Dysglycemia in a community sample of people treated for schizophrenia: The Diabetes in Schizophrenia in Central-south Ontario (DiSCO) study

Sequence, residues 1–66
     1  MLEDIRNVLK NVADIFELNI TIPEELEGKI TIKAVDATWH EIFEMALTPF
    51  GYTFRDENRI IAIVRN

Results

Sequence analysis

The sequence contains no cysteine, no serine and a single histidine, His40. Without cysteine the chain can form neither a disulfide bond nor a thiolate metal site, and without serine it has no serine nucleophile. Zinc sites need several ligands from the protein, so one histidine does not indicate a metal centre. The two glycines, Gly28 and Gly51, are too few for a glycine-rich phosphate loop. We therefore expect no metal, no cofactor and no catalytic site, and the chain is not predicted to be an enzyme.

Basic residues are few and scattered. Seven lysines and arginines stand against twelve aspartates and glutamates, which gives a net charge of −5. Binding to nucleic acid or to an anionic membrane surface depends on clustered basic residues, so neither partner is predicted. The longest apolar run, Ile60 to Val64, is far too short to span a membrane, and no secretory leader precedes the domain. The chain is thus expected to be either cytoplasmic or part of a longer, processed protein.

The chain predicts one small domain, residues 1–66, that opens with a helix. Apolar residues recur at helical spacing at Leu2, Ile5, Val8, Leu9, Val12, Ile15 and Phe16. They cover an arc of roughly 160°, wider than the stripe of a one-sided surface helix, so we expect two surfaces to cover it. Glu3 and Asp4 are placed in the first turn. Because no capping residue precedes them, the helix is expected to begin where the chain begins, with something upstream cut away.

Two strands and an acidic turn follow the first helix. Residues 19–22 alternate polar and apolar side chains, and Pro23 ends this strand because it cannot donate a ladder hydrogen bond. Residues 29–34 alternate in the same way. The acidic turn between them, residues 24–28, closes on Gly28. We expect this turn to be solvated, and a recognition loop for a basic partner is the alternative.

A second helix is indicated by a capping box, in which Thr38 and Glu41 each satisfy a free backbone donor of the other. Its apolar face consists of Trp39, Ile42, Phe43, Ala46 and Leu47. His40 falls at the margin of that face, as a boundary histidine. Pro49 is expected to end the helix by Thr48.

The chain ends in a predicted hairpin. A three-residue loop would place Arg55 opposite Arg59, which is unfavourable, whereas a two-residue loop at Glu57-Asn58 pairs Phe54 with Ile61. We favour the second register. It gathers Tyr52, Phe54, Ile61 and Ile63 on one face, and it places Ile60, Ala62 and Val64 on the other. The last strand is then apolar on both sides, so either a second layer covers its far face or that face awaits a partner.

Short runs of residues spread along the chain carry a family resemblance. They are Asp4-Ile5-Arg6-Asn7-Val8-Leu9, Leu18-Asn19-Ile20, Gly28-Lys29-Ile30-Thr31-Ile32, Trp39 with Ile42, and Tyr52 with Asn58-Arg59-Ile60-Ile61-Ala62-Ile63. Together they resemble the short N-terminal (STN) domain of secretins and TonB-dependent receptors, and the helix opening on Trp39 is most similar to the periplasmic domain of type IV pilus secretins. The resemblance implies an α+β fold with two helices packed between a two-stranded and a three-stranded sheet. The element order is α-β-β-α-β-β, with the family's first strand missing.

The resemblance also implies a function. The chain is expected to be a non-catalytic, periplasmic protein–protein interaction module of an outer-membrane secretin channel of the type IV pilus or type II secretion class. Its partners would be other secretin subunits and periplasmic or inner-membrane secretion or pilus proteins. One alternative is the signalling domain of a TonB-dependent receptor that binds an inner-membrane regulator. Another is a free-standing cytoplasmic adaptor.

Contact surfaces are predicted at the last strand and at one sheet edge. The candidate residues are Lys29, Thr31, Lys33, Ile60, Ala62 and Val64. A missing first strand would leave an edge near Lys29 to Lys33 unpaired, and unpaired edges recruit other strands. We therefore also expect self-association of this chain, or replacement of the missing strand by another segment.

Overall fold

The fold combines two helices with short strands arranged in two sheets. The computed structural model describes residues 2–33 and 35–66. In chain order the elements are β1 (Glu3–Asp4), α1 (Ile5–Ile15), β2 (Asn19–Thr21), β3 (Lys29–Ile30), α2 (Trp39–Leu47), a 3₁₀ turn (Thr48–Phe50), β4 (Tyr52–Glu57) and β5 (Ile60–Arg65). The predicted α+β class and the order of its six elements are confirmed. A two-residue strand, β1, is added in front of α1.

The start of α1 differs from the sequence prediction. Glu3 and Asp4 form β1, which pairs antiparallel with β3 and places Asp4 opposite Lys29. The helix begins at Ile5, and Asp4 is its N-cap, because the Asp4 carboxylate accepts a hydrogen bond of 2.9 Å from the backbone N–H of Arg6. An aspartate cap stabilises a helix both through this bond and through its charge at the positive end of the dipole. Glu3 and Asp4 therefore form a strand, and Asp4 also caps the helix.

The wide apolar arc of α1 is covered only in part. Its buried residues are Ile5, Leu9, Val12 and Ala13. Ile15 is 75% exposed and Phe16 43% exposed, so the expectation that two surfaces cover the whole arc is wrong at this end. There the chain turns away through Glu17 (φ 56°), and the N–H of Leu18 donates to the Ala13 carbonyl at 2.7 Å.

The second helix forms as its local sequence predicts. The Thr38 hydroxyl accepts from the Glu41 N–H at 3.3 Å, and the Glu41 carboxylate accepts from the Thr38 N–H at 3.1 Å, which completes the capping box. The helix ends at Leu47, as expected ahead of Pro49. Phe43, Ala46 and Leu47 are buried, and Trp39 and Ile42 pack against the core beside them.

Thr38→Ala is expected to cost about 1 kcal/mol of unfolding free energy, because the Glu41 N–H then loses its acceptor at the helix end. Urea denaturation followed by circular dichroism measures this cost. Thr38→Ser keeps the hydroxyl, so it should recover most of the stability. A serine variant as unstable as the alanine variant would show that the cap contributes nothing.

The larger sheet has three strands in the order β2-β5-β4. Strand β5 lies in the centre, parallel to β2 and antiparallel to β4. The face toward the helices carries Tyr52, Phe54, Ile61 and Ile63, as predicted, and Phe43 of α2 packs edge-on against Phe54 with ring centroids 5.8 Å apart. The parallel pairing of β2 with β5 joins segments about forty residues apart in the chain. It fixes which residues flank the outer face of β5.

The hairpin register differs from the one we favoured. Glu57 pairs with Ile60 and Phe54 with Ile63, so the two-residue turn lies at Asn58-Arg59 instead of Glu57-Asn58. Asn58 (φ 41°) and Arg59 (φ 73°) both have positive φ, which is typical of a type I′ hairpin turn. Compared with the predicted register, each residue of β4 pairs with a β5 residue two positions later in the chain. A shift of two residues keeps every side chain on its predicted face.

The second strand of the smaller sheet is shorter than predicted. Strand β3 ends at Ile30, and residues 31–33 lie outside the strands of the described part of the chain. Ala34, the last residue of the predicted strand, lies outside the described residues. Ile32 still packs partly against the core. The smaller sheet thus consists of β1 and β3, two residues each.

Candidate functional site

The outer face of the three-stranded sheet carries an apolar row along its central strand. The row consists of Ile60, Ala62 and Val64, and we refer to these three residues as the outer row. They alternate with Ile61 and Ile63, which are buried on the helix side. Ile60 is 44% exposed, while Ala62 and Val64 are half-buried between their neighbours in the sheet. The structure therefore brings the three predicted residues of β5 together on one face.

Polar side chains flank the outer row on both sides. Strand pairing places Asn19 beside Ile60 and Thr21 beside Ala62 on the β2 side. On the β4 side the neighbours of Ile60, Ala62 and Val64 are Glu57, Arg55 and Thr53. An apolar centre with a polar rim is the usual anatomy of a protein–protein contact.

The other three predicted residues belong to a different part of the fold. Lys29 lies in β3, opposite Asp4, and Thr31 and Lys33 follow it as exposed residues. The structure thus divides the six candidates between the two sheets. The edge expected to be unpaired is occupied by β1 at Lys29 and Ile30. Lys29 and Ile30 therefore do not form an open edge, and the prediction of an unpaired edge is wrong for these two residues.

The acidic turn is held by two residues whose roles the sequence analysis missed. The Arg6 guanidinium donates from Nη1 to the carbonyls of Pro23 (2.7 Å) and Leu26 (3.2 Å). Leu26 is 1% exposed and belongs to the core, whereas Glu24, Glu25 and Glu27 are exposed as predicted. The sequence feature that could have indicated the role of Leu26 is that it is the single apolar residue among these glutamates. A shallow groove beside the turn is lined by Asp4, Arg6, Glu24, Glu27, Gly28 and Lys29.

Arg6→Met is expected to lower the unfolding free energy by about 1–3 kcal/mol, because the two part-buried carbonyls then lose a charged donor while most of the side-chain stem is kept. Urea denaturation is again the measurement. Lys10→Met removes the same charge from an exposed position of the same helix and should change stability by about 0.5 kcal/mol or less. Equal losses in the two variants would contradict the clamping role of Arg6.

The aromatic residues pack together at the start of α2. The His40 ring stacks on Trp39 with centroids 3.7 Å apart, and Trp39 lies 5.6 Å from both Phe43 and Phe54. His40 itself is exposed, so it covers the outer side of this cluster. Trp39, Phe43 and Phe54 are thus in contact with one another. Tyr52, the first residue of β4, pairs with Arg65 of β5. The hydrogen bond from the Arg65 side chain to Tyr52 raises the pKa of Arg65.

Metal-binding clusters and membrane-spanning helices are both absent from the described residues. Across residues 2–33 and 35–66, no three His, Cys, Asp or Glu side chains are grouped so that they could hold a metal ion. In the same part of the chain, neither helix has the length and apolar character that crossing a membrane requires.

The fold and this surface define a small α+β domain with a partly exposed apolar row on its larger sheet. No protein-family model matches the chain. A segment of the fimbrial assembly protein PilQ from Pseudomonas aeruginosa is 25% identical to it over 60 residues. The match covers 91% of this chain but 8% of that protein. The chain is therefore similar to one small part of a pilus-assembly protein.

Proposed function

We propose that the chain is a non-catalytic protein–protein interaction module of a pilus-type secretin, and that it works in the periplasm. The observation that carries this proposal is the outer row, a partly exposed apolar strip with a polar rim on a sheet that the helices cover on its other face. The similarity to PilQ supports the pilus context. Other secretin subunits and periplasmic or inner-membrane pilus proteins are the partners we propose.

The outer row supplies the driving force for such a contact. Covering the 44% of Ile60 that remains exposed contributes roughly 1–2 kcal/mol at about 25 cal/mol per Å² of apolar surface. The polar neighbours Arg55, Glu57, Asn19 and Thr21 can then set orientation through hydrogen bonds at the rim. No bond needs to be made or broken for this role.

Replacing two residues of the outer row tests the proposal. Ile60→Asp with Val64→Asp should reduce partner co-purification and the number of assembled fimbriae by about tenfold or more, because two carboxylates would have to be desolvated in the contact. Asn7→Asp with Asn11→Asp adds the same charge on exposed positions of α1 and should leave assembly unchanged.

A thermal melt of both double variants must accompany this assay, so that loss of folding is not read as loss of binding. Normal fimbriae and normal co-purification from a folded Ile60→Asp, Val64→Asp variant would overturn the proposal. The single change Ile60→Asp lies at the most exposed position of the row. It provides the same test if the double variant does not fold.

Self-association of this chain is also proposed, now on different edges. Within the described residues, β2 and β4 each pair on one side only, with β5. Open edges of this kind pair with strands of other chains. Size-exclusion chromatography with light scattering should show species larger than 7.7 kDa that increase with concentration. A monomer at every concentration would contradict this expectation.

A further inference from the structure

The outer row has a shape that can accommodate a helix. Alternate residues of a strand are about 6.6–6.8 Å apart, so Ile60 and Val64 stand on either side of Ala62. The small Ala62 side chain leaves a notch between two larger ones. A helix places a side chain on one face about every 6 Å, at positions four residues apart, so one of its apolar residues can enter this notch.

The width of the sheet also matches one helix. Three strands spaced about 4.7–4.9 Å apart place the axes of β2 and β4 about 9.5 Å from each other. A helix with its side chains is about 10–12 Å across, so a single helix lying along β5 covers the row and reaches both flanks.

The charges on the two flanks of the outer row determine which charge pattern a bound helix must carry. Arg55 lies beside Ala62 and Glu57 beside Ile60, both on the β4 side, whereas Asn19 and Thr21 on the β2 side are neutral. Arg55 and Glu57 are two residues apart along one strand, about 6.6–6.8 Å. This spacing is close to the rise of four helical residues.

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OBJECTIVE: Despite increasing recognition of schizophrenia as a risk factor for diabetes, the prevalence and correlates of dysglycemia in people with schizophrenia have not been adequately studied. Discerning the modifiable risk factors is crucial for developing diabetes prevention strategies in schizophrenia. METHODS: Socio-demographic, clinical and recent laboratory data were compiled from the case records and supplemental sources of 1123 people treated for schizophrenia who were living across five different communities in the region. RESULTS: Screening rates for fasting plasma glucose (FPG) varied between 63-100% across the five communities, while other metabolic indices were monitored less frequently. 39 subjects (3.5%) in the sample had an existing diagnosis of type 2 diabetes. Among the others, 845 (78%) had FPG measured in the preceding 6 months, with the following results: FPG < or = 5.6 mmol/l in 474 (56%), 5.6-6.9 mmol/l in 268 (31%), and > or = 7 mmol/l in 103 (12.2%) subjects. Dysglycemia (FPG > or = 5.6 mmol/l) was significantly associated with older age (odds ratio [OR] 1.031), longer duration of schizophrenia (OR 1.062), self reported family history of diabetes (OR 8.87), body mass index (OR 1.081), excess weight (OR 1.014) and independent living status (OR 1.779), while European ethnicity (OR 0.706) and regular physical activity (OR 0.958) lowered the risk. No statistically significant correlations were noted with gender, level of education or functioning, or the type of antipsychotic drug prescribed. CONCLUSIONS: There was a two-fold increase in the prevalence of dysglycemia, while there was a substantial under-recognition of and intervention for, diabetes and pre-diabetes in this sample of people treated for schizophrenia.
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